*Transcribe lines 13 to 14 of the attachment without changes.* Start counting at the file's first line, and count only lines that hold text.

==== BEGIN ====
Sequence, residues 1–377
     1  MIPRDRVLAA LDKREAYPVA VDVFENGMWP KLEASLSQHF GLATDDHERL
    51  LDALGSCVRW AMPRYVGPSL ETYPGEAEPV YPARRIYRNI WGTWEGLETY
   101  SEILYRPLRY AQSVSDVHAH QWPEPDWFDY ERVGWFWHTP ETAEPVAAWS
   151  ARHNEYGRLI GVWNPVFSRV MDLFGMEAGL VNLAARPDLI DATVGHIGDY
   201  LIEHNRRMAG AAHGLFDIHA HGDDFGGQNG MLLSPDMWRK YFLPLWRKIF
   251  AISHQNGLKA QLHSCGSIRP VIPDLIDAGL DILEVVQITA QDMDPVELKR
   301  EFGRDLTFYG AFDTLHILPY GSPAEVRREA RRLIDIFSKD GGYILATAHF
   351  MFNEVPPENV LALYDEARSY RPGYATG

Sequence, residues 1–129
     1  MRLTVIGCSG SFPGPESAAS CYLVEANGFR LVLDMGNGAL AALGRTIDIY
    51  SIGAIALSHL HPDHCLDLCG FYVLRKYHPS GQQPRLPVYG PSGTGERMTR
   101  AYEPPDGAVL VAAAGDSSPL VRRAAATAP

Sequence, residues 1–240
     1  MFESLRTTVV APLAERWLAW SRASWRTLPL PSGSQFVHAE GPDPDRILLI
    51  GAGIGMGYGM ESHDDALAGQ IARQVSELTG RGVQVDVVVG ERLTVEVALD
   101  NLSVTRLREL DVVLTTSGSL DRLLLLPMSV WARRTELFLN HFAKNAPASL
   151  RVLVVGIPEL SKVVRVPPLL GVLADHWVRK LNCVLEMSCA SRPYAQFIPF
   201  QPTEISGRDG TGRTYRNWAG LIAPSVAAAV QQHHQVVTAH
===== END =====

   101  AYEPPDGAVL VAAAGDSSPL VRRAAATAP

Sequence, residues 1–240